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Problems with hitting and reception ds, help!

(6 Posts)
roadkillbunny Tue 16-Oct-12 13:46:07

Had the start of the day nobody wants this morning when while dropping children off at school I got pulled aside by ds's teacher to ask me if I could come in after school on Thursday for a chat about ds's needs around his speech issues because they have been having problems at play times when out in the whole school playground, she went on to tell me he wouldn't be allowed out there to play today as on Friday and yesterday there were instances of violence. He will have a chance to run around and blow off. Steem in the reception play area but then have to come in rather then have the whole break with all the other children.

I wish they had told me sooner so I could have spoken with and given sanctions to ds at home but I understand that on Friday they hoped it had been delt with and yesterday the teacher was unable to be around at home time. The school are exerlent and deal with issues really well and effectively but that now feel they need more input from me due to ds's needs.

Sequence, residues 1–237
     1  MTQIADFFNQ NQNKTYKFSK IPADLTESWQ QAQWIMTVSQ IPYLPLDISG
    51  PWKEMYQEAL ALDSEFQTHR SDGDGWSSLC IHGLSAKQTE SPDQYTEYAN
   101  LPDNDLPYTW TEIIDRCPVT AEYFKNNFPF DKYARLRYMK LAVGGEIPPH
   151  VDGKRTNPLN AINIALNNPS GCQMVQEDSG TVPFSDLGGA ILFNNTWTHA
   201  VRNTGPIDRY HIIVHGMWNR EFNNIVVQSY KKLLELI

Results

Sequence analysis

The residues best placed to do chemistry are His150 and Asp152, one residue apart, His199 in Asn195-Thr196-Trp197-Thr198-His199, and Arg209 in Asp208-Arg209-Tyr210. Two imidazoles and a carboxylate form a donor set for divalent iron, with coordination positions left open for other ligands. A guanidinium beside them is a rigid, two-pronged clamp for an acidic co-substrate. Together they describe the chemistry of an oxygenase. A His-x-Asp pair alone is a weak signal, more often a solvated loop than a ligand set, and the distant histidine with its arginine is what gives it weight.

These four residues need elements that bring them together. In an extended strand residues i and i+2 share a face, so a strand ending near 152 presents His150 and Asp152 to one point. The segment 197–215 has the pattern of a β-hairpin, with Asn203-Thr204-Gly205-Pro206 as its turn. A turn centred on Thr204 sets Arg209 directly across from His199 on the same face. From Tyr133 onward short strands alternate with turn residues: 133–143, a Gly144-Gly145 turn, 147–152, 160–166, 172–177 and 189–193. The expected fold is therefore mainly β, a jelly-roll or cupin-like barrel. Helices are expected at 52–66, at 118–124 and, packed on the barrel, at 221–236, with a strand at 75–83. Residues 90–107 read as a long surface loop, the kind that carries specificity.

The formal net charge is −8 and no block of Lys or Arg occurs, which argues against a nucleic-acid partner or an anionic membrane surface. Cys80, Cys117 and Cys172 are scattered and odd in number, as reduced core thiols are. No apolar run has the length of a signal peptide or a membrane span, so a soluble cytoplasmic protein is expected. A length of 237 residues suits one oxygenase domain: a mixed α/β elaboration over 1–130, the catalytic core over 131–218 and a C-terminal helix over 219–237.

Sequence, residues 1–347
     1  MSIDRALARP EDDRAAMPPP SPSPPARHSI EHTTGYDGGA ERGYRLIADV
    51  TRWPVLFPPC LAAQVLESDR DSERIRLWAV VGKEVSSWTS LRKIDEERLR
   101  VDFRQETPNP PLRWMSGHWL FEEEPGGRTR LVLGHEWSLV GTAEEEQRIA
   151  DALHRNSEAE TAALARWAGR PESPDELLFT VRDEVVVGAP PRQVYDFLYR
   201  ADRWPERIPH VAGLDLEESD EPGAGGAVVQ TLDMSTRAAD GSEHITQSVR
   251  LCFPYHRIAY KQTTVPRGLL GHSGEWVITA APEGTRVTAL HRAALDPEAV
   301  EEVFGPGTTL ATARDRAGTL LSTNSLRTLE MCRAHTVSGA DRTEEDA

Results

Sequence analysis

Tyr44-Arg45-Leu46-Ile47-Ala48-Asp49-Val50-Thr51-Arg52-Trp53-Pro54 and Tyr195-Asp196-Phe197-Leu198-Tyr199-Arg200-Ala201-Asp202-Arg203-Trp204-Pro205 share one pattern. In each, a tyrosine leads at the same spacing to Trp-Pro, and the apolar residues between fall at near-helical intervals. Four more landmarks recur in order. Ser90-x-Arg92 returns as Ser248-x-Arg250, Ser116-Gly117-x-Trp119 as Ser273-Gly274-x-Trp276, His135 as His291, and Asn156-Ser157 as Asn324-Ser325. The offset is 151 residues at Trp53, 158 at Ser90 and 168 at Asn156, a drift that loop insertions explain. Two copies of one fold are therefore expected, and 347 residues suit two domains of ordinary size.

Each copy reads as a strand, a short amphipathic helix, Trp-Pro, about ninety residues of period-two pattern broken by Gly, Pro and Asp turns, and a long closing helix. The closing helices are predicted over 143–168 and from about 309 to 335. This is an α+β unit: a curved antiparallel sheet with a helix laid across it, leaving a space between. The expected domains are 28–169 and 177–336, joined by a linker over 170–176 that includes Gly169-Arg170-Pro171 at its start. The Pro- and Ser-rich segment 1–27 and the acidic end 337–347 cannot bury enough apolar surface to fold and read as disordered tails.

From the start of this paragraph I want to make it completely clear that I fully support the school, I agree with the sanction (because its not just punishment it also removes him from the situation causing the issues) and I also know and understand that violent behaviour (I think it is hitting and pushing but was only able to talk with the teacher very quickly this morning) is completely unacceptable and ds's behaviour is effecting other children and can not be condoned or excused.
However now I need to explain why we are having these problems. Ds has very delayed speech, he currently has the speech of an 2.5 to 3 year old and he is 4.5 years old, what he can say is extremely hard to understand, he gas no anunsiation and misses out the first and last sounds in most words. He had bi lateral glue ear from the age of 2 -3 that unfortunately wasn't picked up on until he had already started so self resolve. His comprehension is exerlent, his understanding of how language works is beyond his age expectation. He is a sharp and able boy who can read more then he can say and has a natural feeling for numbers and a love of all thing computer, he coded his first bit of lynix when he was 2!